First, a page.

Conference Contribution Details
Mandatory Fields
Liam Fanning;
Viruses and Innate Immunity
Hepatitis C
Dublin, Ireland
Invited Oral Presentation
Optional Fields

RNA genomes occupy a specific niche in virology and are the cause of considerable
morbidity and mortality worldwide. As protein coding elements, RNA viruses
practice ¿genomic origami¿, condensing the necessary prerequisites for replication,
translation and perpetuation of viral infections into very small genomes. The very
significant degree of heterogeneity is generated in large measure by the error prone
RNA replicase generating quasispecies. This genomic and proteome quasispecies
exhibits a spectrum of viral fitness that potentiates viral persistence and protects viral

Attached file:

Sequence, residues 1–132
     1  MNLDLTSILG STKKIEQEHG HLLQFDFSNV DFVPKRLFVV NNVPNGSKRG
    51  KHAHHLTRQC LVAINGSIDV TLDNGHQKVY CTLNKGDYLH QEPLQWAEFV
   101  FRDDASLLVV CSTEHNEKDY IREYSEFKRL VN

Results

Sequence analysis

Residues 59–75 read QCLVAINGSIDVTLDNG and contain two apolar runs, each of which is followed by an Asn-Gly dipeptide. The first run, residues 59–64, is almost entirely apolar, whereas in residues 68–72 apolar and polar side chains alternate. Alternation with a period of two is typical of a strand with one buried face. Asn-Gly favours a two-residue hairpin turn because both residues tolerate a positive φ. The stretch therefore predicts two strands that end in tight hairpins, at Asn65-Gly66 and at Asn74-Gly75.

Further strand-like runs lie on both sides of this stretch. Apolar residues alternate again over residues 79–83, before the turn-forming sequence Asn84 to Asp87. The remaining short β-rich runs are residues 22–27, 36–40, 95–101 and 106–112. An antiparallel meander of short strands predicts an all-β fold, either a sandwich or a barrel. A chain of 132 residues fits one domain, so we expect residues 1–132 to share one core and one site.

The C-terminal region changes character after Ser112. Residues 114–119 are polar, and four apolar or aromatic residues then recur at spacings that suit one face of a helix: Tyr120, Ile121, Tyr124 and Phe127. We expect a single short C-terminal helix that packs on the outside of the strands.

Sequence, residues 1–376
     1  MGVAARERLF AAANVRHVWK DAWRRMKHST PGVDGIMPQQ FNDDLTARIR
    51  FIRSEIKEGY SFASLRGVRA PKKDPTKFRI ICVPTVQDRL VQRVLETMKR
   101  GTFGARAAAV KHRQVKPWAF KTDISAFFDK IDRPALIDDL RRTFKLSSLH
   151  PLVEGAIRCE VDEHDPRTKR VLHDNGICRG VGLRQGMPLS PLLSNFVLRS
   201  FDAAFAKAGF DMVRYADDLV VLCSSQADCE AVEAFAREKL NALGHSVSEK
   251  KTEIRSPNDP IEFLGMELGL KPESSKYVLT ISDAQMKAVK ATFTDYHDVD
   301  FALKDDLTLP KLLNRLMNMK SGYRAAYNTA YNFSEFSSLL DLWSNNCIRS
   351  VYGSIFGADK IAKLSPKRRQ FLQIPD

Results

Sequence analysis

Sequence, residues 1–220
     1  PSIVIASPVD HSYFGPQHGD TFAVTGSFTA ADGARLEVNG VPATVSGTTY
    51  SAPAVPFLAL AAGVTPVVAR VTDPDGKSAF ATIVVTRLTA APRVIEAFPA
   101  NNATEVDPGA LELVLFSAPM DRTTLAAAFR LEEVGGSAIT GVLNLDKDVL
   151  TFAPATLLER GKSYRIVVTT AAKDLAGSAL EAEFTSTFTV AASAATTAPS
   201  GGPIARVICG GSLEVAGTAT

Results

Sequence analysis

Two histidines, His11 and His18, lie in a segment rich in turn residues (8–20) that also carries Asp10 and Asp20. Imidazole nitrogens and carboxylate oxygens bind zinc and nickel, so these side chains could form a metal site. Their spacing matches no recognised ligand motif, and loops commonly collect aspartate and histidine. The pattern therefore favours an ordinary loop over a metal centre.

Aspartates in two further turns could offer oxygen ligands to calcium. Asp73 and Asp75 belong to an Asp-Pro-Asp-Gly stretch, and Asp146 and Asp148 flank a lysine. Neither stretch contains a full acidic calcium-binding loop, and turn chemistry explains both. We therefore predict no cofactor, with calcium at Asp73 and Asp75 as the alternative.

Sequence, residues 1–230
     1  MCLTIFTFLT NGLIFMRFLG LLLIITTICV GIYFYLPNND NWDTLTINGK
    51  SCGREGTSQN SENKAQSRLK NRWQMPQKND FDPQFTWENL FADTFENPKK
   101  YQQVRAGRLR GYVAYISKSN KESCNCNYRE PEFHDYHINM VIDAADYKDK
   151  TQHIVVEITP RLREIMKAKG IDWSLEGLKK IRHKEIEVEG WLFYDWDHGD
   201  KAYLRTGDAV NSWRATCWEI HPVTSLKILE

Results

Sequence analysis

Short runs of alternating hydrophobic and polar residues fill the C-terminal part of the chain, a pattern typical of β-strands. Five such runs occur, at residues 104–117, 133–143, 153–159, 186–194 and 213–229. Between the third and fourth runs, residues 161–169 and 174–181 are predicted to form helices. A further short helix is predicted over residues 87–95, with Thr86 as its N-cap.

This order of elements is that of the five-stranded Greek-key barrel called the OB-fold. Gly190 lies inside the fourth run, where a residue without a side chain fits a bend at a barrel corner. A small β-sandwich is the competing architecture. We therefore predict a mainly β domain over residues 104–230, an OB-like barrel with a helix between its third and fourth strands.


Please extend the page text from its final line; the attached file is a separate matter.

families against future purifying selection. Our investigations into quasispecies have
yield insights into viral population dynamics during chronic hepatitis C infection,
cytotoxic T cell and humoral immunity and how treatment modulates the quasispecies
qualitatively and quantitatively. We now know that continuous immune surveillance
can create bottle necks during transmission to new hosts and viral adaption can leave
¿genomic footprints¿ giving a clearer picture of quasispecies evolution. The
functional consequences of quasispecies is such that HCV has the capacity to produce
mutants that have varying degrees of resistance to temporally unique positive
selection pressures, to have mutant spectra that are associated with resistant to novel
anti-virals, even in untreated individuals. The phenomenon of quasispecies endows
RNA viruses with an almost endless capacity to mutate and provides these viruses
with a degree of ¿future proofing¿ not found in many biota.